During this time I also squeezed in coordinating the second ProduceHERS' event, a Women's Artist Showcase with partner Halima Flynn. The  Showcase was held at the downtown New Haven Public Library and ran from 2 to 3:30 p.m. Although we got off to a late start, it didn't take away from the creative aura that was in the room. We had a small attendance, but I'm a firm believer in quality over quantity. I am proud to say those who were in attendance were engaged in the event. There were also some familiar faces. A special shout out to my friends ChaChanna and Carmen, who always manage to come out and support me. I'm so grateful to have you both in my inner circle.

I also have to to thank all the women who participated in the event. I was engaged in each of the presentations. Dana's photo presentation took me to countries in Europe, Asia, and the middle east. Hearing the actor's read my dialogue brought me back to my mid-twenties, and the essay Anne read from her anthology Press Pause Moments  brought home the theme of women empowerment.  The program was powerful. Our communities have a wealth of talented, strong and passionate women and the ProduceHERS aims to continue to tap into the creativity, engage and share it with the community. I'm proud to be a part of this community and a messenger in getting the word out about creative women.
Dana's photo presentation.

As the end of the year closes, I like to take this time to reflect on all that I have done and what I wanted to do in 2012. Launching The ProduceHERS was on the list. So much energy went into getting this collaborative effort off the ground. However, I also realize moving this community-focused effort forward and sustaining it overtime is going to take a more focused and strategic effort in 2013.

I have so many things to reflect on in 2012 and I post is just one of a few you will see with a reflection theme. The time to think about what worked, what didn't, and then begin to plan for next year is here.

With Thanksgiving day gone, the Jewish and Christian holiday season is officially here and although it is easy to get sucked into the commercialism I will stay the course on reflecting for 2012 and count the many blessing that I have had this year.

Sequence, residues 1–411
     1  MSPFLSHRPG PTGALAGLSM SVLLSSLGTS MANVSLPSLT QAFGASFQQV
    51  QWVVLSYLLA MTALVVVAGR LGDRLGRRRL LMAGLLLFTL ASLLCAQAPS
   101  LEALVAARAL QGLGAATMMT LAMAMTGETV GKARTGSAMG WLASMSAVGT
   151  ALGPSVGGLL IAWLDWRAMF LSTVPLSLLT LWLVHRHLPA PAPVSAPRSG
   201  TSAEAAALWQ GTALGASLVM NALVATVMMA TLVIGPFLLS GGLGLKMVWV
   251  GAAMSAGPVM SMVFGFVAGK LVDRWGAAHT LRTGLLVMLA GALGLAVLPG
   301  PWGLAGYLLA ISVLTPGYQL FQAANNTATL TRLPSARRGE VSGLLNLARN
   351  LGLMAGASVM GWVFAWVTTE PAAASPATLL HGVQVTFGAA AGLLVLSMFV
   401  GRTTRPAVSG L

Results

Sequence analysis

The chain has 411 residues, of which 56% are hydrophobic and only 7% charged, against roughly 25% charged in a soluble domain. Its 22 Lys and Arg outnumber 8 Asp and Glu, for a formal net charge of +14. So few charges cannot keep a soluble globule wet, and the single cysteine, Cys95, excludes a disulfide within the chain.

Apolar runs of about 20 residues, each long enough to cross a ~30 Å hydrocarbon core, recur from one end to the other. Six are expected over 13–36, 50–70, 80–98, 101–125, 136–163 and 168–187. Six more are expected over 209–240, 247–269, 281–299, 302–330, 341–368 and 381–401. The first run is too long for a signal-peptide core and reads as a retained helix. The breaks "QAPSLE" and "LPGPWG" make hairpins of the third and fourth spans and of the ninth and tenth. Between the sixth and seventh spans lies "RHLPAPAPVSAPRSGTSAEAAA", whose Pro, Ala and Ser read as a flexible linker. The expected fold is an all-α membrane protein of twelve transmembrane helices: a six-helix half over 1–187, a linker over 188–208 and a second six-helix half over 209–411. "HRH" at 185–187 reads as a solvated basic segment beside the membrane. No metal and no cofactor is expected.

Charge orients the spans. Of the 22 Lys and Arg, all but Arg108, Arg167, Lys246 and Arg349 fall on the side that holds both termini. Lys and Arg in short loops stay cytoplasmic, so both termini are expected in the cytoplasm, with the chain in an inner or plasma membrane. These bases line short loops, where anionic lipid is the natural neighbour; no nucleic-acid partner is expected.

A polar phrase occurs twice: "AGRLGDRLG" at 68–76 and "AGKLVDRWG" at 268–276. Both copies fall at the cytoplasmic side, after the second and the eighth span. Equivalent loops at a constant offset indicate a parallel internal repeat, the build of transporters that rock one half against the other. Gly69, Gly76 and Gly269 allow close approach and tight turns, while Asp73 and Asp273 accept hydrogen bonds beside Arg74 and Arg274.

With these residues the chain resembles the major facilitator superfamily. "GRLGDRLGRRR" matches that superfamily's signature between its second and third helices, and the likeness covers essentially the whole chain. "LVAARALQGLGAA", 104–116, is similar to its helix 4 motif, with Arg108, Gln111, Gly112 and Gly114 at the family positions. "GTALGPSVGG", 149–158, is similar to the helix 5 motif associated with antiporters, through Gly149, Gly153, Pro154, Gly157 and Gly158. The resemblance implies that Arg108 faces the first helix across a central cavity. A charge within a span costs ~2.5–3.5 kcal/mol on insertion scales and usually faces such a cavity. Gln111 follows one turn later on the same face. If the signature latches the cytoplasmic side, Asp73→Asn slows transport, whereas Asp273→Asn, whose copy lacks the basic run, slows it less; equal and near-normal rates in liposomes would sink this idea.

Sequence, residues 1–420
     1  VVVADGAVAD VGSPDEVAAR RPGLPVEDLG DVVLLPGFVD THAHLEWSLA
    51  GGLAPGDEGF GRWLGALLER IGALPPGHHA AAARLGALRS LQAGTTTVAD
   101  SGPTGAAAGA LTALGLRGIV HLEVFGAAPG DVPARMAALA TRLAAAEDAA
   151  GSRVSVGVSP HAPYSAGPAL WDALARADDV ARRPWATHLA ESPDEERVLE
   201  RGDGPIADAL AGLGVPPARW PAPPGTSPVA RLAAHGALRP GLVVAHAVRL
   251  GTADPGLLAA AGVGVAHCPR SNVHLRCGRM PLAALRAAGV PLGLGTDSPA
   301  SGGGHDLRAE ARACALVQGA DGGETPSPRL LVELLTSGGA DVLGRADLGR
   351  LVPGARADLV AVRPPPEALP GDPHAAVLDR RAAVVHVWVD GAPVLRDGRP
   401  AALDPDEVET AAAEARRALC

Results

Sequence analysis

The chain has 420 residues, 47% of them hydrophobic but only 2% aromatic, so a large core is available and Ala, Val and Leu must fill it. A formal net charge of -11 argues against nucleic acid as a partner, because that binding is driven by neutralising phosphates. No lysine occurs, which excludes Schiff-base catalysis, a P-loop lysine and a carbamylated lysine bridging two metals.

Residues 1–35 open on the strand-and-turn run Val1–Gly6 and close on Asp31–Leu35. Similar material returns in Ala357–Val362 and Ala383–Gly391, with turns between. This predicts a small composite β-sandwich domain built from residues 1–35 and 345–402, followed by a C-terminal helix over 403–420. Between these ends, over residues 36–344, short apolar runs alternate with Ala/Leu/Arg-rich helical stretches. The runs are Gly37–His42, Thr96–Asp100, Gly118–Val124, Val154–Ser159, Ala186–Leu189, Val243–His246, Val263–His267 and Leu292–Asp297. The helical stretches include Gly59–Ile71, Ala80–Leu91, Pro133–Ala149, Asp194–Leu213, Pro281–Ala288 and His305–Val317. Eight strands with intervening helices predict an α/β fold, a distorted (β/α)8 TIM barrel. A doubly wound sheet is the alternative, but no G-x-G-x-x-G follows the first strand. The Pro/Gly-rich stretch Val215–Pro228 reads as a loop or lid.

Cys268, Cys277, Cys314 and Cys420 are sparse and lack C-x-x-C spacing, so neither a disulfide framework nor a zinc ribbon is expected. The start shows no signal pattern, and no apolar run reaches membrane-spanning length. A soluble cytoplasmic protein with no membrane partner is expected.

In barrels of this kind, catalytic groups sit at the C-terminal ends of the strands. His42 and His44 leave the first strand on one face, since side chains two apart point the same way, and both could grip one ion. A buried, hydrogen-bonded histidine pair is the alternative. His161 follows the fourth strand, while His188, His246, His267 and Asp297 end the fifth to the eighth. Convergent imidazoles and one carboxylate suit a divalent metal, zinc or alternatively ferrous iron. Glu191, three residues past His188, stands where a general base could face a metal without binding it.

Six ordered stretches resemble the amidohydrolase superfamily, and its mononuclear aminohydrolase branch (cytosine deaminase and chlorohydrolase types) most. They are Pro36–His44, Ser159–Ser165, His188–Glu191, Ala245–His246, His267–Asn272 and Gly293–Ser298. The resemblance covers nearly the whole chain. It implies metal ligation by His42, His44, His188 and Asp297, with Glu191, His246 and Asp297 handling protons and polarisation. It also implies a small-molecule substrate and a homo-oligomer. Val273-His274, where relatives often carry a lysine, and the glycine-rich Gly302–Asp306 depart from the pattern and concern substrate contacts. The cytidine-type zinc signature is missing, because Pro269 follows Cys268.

Monday, November 5, 2012

Canvassing for the First Time

Many in the Northeast are still recovering from the aftermath of hurricane Sandy. I'm one of the lucky ones. I have a roof over my head, heat, and luxuries such as cable and Internet. My heart goes out to my fellow neighbors both in and out of state that are still trying to get back to their  pre-hurricane lives.

I was getting a little bit down on myself because I haven't posted a a blog or restaurant review in a few weeks. I have eaten out at a couple of local New Haven restaurants, but between starting my next class, gearing up for a job transition, and life in general, I've dropped the ball on the writing front. While I have my regrets I realize there are more important things to consider. The most important thing for me at the moment is tomorrow's election.

It's been a grueling campaign on both sides and I think it's an illustration of how high the stakes are for all Americans, no matter what side of the political aisle you may fall. This past Saturday, I canvassed for the first time with Planned Parenthood Votes CT and Naral Pro-Choic Connecticut PAC in Middletown. Both organizations are supporting pro-choice Democratic candidates Dante Bartolomeo (D) for state representative of the 13th district and Christopher Muphy (D) for U.S Senate. I signed up for a morning shift. It was great to meet other volunteers and see people engaged in the political process.

When we were getting the dos and don'ts of canvasing we received a surprise message that Sandra Fluke would be stopping by. We were already charged up, but that added fuel to our political fire. I was hoping I'd get to meet her before I hit the streets. Just as I was stepping outside, she pulled up to our location. I managed to get out a hello, introduced myself, and thanked her for dropping by. She thanked me for canvassing. Later that day, she also favorited my tweet which made up for the missed photo opportunity. Hopefully our paths cross again.